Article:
Review & pics by: Fred Meyer

G.I. Joe Retaliation wave 1 Duke

  Review & pics by Fred Meyer

If you asked most Joe fans what the weakest part of G.I. Joe: The Rise of Cobra was, you’d mostly hear a two word reply: Channing Tatum. The Step-Up and now Magic Mike may have looked the part but his acting skills weren’t up the challenge of portraying a decisive charismatic field leader of a team of elite special operations soldiers. When it came to the film’s toy line, art imitated life—poor Channing couldn’t catch a break. The Duke action figures featured a head sculpt that was both slightly too large and fairly unflattering. When the Retaliation figures dropped, most fans met the inclusion of Duke in Wave 1 with a sigh of resignation. It seems that there was no escaping Channing whose single greatest contribution to Retaliation’s trailers was to say “security’s early.” Does the Duke action figure fit the performance of the actor? Read on and find out one Joe fan’s opinion.

When it comes to body sculpt, the Duke figure is actually pretty decent. He’s not even close to screen accurate as the figure is sculpting wearing what appears to be an olive drab flight suit. The body is loaded with molded wrinkles that really bring the appearance of fabric to life. Over the top of this is sculpted some silver chest and shoulder armor that evokes memories of the Accelerator Suit figure from the first film. This pseudo armor is held in place by some sculpted straps that have been given a black paint app. Silver shoulder and knee pads complete the look. As I’ve said before, there may be some disappointment from the perspective of G.I. Joe fans because this figure isn’t remotely accurate to anything seen during the trailers. However, once I started really looking at the figure I gained a new appreciation for the body design. (I’ll go more into this further down in the review.) From a strictly design standpoint, this is a pretty decent basic body mold with a nice range of articulation and the welcome inclusion of the swivel wrists that fans have come to love.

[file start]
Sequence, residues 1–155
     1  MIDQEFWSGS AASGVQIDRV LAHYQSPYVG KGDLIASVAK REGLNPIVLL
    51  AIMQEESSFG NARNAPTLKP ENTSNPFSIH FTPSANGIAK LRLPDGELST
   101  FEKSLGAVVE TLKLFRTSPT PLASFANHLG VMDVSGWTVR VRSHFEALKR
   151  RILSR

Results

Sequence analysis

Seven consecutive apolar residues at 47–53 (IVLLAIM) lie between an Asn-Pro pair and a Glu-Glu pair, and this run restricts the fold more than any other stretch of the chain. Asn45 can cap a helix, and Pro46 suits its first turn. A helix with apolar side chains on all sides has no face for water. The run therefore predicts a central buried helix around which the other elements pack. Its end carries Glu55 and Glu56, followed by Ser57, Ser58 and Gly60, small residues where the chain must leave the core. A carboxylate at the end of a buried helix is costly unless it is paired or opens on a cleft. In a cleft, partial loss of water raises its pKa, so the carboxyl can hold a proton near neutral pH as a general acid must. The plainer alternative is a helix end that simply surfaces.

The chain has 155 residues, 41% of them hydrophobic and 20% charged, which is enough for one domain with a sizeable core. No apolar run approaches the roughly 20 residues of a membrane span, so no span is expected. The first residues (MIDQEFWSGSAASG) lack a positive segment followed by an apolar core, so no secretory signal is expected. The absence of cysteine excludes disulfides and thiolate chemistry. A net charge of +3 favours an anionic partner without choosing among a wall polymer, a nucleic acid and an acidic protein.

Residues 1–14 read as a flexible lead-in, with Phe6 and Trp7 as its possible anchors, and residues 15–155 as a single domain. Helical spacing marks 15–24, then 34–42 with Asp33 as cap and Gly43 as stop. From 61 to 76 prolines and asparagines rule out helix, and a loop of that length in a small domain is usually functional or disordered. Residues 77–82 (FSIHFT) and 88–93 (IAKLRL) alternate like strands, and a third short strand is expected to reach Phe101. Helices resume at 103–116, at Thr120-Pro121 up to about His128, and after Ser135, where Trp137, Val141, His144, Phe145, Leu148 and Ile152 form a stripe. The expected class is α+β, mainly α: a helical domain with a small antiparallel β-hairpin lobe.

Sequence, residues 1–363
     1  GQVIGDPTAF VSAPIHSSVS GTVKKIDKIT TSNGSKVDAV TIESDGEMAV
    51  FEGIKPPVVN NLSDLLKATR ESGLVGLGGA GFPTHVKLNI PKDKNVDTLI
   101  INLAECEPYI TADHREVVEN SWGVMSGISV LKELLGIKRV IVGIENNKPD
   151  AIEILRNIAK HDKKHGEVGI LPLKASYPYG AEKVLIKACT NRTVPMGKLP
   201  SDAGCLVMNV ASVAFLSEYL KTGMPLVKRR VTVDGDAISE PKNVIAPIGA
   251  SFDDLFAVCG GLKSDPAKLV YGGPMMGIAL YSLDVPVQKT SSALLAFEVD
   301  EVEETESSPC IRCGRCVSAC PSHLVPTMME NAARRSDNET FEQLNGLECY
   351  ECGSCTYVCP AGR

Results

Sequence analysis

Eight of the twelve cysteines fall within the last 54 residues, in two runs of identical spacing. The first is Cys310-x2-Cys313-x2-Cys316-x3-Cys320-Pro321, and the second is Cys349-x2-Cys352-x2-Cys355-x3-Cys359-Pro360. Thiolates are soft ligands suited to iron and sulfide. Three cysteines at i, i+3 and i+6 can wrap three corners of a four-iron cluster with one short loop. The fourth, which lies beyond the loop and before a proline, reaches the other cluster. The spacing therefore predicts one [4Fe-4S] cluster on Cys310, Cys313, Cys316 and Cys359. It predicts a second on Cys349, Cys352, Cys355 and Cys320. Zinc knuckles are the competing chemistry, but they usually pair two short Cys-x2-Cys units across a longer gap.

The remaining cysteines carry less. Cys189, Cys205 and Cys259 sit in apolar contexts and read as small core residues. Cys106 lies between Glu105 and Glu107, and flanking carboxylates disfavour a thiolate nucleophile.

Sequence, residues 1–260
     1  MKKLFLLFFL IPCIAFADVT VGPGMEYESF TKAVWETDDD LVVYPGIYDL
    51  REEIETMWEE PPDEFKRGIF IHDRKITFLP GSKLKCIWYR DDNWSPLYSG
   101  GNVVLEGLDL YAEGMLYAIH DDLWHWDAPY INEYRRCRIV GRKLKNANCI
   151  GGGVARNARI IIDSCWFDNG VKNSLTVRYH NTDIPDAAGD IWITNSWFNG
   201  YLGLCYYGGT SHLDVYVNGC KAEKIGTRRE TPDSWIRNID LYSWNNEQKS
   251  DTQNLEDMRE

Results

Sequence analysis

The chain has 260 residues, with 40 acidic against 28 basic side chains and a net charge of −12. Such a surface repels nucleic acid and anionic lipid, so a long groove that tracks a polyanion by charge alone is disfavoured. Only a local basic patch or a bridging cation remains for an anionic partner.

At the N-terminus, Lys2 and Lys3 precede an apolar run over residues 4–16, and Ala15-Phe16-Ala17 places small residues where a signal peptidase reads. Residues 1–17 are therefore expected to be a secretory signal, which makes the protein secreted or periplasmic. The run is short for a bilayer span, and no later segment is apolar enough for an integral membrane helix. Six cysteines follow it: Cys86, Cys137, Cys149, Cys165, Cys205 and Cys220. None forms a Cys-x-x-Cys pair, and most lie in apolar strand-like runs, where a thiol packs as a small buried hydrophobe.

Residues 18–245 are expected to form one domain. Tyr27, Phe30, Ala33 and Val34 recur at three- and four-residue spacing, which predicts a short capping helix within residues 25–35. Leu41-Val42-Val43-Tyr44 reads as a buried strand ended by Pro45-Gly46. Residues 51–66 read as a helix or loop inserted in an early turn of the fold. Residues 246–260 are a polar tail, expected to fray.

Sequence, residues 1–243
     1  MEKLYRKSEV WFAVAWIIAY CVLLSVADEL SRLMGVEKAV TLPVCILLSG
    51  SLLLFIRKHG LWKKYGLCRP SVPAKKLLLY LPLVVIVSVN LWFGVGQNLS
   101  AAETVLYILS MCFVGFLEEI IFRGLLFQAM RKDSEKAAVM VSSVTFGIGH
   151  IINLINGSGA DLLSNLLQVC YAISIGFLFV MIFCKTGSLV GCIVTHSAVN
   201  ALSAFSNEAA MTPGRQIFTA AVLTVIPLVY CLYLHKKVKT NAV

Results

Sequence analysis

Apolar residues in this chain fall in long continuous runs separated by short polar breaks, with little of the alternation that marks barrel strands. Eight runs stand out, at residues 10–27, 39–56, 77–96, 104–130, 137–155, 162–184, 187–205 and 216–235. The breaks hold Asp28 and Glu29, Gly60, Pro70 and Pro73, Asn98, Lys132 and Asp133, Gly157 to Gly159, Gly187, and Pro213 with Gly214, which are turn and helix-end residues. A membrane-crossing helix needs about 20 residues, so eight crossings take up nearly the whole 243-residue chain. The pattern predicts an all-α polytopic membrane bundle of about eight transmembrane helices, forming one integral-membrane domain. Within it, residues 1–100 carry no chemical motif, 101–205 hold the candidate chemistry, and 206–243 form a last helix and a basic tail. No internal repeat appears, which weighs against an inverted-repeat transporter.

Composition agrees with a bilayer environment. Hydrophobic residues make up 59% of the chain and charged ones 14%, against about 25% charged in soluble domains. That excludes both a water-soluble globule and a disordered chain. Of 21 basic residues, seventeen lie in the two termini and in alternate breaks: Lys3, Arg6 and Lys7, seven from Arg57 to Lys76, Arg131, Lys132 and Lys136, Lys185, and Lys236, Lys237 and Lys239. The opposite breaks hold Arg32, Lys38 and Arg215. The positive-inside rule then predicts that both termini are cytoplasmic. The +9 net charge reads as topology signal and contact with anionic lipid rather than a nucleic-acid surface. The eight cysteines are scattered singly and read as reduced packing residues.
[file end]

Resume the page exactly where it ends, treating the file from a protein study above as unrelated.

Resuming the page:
In terms of head sculpt, I’m willing to bet that this is a brand new head. When compared to the Rise of Cobra figures in my collection, there are some subtle differences. First off, the hair line seems more pronounced—as if the design team at Hasbro was aiming less for buzz cut and more for crew cut. The set of the brow seems stronger and the overall shape of the head is more square than oval. The design conveys a stronger impression than its character predecessors—one of an individual that is more resolute and hardened. I see this and I think of a more seasoned soldier whereas the action figures of Duke from Rise of Cobra just seemed… bland. There was a vacuous aspect to those sculpts that made me question whether or not Duke was capable of figuring out how to butter toast. Regardless of what I may think of the acting capabilities of the subject, I can’t fault the sculpt too much here.